‘Baba’ in freezer: What if someone else wants to be preserved, asks HC on Ashutosh | india-news | Hindustan Times
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‘Baba’ in freezer: What if someone else wants to be preserved, asks HC on Ashutosh

The Punjab and Haryana high court on Monday observed that there could be cascading effects of allowing Divya Jyoti Jagriti Sansthan (DJJS) to preserve mortal remains of Ashutosh, the sect head, who died three years ago. His body is still in a deep freezer at the dera headquarters in Nurmahal in Jalandhar district, and the followers insist Ashutosh — whom they address as ‘Maharaj’ — will come back to life.

india Updated: Jan 17, 2017 11:47 IST
HT Correspondent
The court was responding to arguments raised by the DJJS that no law or custom was violated and thus there was no impropriety in preserving the body.
The court was responding to arguments raised by the DJJS that no law or custom was violated and thus there was no impropriety in preserving the body.(HT Representative Image)

The Punjab and Haryana high court on Monday observed that there could be cascading effects of allowing Divya Jyoti Jagriti Sansthan (DJJS) to preserve mortal remains of Ashutosh, the sect head, who died three years ago. His body is still in a deep freezer at the dera headquarters in Nurmahal in Jalandhar district, and the followers insist Ashutosh — whom they address as ‘Maharaj’ — will come back to life.

“In Punjab, there is a dera in almost every second village,” observed the high court bench of justices Mahesh Grover and Shekher Dhawan, asking what if tomorrow somebody else announces that after death his mortal remains be preserved. This came during the resumed hearing of petitions against an earlier verdict that had ordered Ashutosh’s last rites.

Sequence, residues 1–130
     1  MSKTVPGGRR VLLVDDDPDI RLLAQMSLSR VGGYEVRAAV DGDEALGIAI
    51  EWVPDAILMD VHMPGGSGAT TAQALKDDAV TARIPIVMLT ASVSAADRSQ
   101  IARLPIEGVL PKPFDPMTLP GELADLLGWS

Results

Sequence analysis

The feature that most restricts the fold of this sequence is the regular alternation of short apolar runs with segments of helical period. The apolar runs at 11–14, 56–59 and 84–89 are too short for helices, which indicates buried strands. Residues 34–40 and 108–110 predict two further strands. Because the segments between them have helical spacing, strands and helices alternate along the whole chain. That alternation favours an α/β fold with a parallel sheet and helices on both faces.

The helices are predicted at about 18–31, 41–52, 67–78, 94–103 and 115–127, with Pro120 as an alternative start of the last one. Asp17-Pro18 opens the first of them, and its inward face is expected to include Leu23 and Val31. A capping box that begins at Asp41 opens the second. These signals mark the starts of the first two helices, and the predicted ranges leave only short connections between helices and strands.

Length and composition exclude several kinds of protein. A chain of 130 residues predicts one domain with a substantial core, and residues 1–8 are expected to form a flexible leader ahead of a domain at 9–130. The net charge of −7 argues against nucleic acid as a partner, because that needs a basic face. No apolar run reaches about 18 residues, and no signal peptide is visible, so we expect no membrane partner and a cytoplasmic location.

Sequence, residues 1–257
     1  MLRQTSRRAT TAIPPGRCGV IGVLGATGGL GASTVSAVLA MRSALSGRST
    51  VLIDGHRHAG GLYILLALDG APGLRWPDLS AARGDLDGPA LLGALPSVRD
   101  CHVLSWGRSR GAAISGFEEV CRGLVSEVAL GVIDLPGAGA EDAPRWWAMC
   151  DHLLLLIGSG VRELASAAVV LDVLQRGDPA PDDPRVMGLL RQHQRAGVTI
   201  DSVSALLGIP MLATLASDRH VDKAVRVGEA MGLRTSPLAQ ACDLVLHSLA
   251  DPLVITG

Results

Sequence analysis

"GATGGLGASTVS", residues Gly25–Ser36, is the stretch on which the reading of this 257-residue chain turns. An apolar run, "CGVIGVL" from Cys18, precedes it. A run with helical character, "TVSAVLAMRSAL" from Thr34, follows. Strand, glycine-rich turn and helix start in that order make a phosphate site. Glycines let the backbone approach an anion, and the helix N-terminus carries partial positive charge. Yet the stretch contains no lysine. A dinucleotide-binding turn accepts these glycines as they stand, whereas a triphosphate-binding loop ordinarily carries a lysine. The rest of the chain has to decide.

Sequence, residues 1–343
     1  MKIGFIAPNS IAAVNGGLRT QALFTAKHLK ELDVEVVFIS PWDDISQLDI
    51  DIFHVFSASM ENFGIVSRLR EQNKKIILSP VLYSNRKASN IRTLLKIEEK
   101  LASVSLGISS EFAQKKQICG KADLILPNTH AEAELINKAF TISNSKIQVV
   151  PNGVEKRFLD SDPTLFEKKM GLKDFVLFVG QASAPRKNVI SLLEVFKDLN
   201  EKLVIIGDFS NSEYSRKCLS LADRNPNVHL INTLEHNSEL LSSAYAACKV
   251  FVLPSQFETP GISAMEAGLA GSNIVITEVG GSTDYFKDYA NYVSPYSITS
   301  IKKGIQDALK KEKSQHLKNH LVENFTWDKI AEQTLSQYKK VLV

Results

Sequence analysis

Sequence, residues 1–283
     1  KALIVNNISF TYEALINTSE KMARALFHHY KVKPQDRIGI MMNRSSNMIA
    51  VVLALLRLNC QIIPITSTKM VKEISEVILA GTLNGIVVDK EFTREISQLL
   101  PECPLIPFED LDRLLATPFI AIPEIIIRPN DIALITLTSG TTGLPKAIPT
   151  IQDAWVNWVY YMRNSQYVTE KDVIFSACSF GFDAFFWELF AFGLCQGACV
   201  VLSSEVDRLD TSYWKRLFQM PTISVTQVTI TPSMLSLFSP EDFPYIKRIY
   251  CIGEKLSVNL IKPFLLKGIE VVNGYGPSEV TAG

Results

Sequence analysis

The court was responding to arguments raised by the DJJS that no law or custom was violated and thus there was no impropriety in preserving the body.

“But there is no case so far of somebody declaring himself to be preserved. Such a thing has not happened in India in the past 500 years. Let’s leave it to the future (as to what are effects of allowing preservation of Ashutosh’s body),” senior advocate Rakesh Dwivedi argued for the sect.

Punjab and Haryana high court, however, also observed that the state government did not act in the case as “status quo suits its vote bank politics too”.

When the bench asked what constitutes disrespect to a body — and whether there are any rules as to how a dead body should be treated — there was no clear answer from the counsels. The government has already told the court that there are no norms for disposal of bodies.

Ashutosh was declared clinically dead on January 28, 2014, after which his body was put in a freezer by the sect management that said he was in ‘samadhi’ (deep meditative state). But, on December 1, 2015, a single-judge bench of the Punjab and Haryana high court asked the state government to perform his last rites within 15 days.

The order was later stayed by a division bench of the Punjab and Haryana high court.

The sect and a man named Dalip Kumar Jha,who claims to be Ashutosh’s son, had filed the appeals against the single-judge order. The arguments will continue on Tuesday.